Small plates can be divisive. There are certainly people who would rather eat with their eyes size-wise, but I will never be one of them. Approaching a meal with an inquisitive hovering fork, sampling as many different creations as your heart desires, is my idea of the perfect meal. It is unquestionably better to have three perfect bites than ten mediocre ones.
With this ethos in mind, we found ourselves on Camden Street last Sunday evening, hell bent on sampling Dublin’s newest hotspot, Frank’s. A renovated pork butchers, the original fascade remains while the interior feels like a dark panelled boys’ club cum wine cave, with bottles lining the emerald walls and framing a steely and spartan grey communal countertop.
A few doors down, the eatery fit for royalty (The Sussexes, no less) that is Delahunt stands as a proud big sister to Frank’s, the laid back, informal walk-in answer to a Michelin Bib gem which is consistently tough to secure a table in.
The idea of entrusting your weekend dining plans to a roll of dice and going reservations-less can be daunting, but the kind of establishments that can thrive on this model tend to be worth queuing up for.
The communal counter means everyone has the best seat in the house view of chef Chris Maguire at work, solo and serene. You’ll recognize him from Locks, and I’m pleased to say the exceptional skill employed in the Windsor Terrace kitchen has migrated to Camden Street. Joining him is a former Delahunt stalwart Kevin Mogg who welcomes us, the first diners in the door on a dreary Sunday evening.
Mere minutes after arriving, over-eager at 5pm on the dot, we get ur first taste of Maguire’s skills, artful plating, sweet and salty perfection comes in the form of curd, salted cucumber, grilled peach and shards of Serrano (€9). Finished with a Scandi touch of fresh dill, this opening dish had definite Locks vibes in a very good way.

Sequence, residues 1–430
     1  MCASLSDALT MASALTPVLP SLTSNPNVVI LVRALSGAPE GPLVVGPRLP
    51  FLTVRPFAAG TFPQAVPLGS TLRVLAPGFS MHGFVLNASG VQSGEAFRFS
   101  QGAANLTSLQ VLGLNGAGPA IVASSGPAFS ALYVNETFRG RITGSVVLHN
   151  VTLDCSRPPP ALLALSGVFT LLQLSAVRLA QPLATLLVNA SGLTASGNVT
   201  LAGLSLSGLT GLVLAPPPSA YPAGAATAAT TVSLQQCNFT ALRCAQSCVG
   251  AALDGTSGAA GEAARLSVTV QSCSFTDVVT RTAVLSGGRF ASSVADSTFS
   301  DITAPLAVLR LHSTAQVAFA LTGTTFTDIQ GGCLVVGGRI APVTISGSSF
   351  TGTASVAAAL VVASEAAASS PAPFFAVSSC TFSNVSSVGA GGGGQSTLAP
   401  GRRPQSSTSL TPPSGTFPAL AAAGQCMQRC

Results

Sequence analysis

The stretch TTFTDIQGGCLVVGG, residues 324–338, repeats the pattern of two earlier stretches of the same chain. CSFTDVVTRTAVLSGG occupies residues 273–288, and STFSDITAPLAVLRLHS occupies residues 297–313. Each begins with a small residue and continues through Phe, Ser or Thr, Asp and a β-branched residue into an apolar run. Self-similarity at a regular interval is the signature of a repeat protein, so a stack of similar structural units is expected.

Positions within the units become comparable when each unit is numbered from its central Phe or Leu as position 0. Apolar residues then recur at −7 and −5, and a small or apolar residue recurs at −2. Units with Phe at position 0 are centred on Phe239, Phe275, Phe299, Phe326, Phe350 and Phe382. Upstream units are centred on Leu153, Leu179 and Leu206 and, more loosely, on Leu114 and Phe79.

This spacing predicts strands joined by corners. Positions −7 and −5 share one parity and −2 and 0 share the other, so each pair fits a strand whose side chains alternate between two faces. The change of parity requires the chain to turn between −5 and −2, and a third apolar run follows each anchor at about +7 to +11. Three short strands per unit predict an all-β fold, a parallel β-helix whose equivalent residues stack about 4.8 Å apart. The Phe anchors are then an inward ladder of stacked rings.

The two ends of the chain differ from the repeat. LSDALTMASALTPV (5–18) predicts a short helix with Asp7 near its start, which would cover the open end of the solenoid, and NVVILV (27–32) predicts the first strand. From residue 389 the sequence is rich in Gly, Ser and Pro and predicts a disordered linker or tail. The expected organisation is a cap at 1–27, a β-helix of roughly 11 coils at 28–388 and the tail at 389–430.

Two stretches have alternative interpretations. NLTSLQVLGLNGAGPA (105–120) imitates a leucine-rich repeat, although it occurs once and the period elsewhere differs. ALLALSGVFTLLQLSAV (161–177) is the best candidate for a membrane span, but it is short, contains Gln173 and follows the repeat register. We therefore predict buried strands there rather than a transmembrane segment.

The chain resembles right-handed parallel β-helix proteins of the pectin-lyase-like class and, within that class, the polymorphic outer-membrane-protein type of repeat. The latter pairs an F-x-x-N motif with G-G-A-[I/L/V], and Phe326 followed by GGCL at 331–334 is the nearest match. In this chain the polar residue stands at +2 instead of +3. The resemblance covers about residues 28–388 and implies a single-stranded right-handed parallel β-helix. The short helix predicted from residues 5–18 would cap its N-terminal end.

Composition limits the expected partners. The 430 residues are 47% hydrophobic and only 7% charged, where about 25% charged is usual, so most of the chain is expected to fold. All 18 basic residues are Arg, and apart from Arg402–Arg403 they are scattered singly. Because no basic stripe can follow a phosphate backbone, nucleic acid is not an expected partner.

Next, a spankingly fresh seabream crudo almost danced off the plate, heightened by the herbaceous astringency of lovage and a broth packing a punch and depth of flavour its translucence would never have suggested.
Our third dish read like an umami bomb and over-delivered with oyster mushrooms shaved to mirror slick sheets of pasta, sitting beneath a gushing and rich egg yolk and flavour grenades of shaved anchovy. Terribly clever cooking, explosively delicious in every bite.
The scent of onions prickling on the plancha began to fill the air before a beautiful bowl of smokey and chunky Romesco sauce, charred grelot onions and silky smooth gorgonzola arrived, served by Maguire himself. This dish presented the single biggest challenge to my willpower, holding back the desire to devour it long enough to take a photo.
“We think it tastes like cheese and onion Tayto” says Kevin as he pours me a glass of mildly fortified Jura which he has has chosen to pair with the dish. He’s not wrong, and maybe it is the culchie in me, but the bowl is scraped clean and I beg him to make sure this dish never leaves the menu. I’m reminded that Grelot onions are only in season for a few weeks so it may soon be gone, and in the knowledge that Maguire has changed the menu every day that week, my heart sinks until the next dish.